An Arcadian Idyll by Georges Auguste Elie Laverne (1863-1942). An arcadian idyll with Pan playing pipes and nymphs reclining. The triptych was found on wooden panelling in an apartment in Paris built in 1895.

Ancient words of the day: Arcadian Idyll

Arcadian Idyll: an idealised vision about rural life, a country paradise.

Arcadia was and still is, a mountainous region in Greece. It was populated mainly by shepherds and the sleepy and fluffy flocks of sheep.

In reality, rural life in Arcadia was harsh, poor and beholden to the ravages of unpredictable weather.   

Arcadian Idyll

However that reputation changed when ancient Roman poet Virgil decided to give Arcadia a PR boost.

In his collection of verses Eclogues, Virgil put Arcadia on the map with tales of merry herdsmen having love affairs and living their best lives in a country locale of sylvan and unmatched beauty.

From then on, Arcadia came to represent imagined rural bliss and a bucolic utopia.

Virgil: Eclogues ‘The Golden Age’

And for you, boy, the uncultivated earth will pour out

her first little gifts, straggling ivy and cyclamen everywhere

and the bean flower with the smiling acanthus.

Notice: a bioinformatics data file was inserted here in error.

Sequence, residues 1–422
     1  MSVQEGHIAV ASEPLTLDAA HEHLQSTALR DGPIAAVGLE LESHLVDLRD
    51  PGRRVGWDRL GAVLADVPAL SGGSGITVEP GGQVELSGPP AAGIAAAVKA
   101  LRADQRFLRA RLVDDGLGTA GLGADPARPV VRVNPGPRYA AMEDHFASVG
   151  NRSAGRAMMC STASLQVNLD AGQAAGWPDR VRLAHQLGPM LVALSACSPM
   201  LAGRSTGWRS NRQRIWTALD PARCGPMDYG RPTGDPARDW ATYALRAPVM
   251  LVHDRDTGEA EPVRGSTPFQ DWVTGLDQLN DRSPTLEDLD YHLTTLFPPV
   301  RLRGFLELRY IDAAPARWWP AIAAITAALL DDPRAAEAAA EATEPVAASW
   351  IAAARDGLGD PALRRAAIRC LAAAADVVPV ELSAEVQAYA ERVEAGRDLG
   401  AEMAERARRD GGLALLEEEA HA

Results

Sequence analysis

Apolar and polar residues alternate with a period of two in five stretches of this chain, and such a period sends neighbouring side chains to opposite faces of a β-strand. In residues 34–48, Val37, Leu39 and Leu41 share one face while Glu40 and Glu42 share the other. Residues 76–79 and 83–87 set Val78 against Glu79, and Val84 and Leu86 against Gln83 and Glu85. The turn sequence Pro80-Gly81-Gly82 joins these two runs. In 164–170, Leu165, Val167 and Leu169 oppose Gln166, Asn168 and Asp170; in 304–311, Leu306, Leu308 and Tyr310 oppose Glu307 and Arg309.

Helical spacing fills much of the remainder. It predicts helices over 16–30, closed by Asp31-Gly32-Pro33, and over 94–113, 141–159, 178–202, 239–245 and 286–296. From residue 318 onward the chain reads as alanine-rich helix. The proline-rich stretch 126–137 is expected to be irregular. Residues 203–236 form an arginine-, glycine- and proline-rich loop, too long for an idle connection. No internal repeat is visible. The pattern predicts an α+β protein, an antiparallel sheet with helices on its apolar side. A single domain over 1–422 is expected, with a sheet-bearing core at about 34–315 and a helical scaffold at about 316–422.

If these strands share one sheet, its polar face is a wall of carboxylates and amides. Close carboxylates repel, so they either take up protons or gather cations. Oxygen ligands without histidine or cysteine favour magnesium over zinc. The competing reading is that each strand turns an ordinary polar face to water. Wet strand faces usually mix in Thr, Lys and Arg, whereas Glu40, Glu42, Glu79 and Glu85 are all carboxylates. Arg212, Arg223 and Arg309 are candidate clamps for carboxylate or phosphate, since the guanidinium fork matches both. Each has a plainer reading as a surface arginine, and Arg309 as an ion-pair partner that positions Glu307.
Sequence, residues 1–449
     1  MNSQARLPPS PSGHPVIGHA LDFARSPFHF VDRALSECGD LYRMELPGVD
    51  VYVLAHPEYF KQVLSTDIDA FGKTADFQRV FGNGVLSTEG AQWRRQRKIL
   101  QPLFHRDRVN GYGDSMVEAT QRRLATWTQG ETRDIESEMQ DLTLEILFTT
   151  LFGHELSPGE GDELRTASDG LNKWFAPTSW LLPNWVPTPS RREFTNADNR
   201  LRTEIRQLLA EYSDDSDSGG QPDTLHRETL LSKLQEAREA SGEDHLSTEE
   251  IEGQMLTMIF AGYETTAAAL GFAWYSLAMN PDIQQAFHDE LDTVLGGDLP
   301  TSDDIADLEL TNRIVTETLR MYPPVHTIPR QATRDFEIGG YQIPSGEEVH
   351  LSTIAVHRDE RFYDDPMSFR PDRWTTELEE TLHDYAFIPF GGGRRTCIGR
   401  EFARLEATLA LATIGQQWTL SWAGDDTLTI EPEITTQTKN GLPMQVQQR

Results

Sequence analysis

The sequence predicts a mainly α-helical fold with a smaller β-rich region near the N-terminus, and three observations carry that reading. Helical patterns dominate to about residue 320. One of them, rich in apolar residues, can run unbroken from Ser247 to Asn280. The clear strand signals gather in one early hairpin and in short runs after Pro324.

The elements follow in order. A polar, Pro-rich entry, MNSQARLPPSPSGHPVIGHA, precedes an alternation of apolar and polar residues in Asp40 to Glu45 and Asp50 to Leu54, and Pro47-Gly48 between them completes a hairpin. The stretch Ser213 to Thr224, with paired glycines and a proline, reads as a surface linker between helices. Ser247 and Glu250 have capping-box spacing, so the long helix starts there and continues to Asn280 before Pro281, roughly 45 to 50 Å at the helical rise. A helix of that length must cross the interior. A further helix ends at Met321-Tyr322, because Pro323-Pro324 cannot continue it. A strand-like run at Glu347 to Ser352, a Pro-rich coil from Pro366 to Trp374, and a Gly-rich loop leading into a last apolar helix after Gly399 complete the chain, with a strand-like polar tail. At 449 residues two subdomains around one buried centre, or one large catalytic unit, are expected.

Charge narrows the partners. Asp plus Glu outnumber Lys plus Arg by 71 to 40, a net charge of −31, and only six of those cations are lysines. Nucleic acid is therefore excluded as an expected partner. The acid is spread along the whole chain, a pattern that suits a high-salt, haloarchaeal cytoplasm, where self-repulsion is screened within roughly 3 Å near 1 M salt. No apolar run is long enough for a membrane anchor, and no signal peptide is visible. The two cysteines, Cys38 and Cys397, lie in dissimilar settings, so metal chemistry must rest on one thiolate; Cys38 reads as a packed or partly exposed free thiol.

The goats will come home themselves, their udders swollen

with milk, and the cattle will have no fear of fierce lions:

Your cradle itself will pour out delightful flowers:

And the snakes will die, and deceitful poisonous herbs

will wither: Assyrian spice plants will spring up everywhere.

And you will read both of heroic glories, and your father’s deeds,

and will soon know what virtue can be.

Virgil, Eclogues
An Arcadian Idyll by Georges Auguste Elie Laverne (1863-1942). An arcadian idyll with Pan playing pipes and nymphs reclining. The triptych was found on wooden panelling in an apartment in Paris built in 1895.
An Arcadian Idyll by Georges Auguste Elie Laverne (1863-1942). An arcadian idyll with Pan playing pipes and nymphs reclining. The triptych was found on wooden panelling in an apartment in Paris built in 1895.

Et In Arcadia Ego by Nicolas Poussin

Nicolas Poussin – Et in Arcadia ego (deuxième version) 1637-1638 . Source: Wikipedia

Translates to ‘Even in Arcadia, death exists’. A solemn reminder that even in the midst of blissful idyll, death lurks around the corner.  

Leave a Reply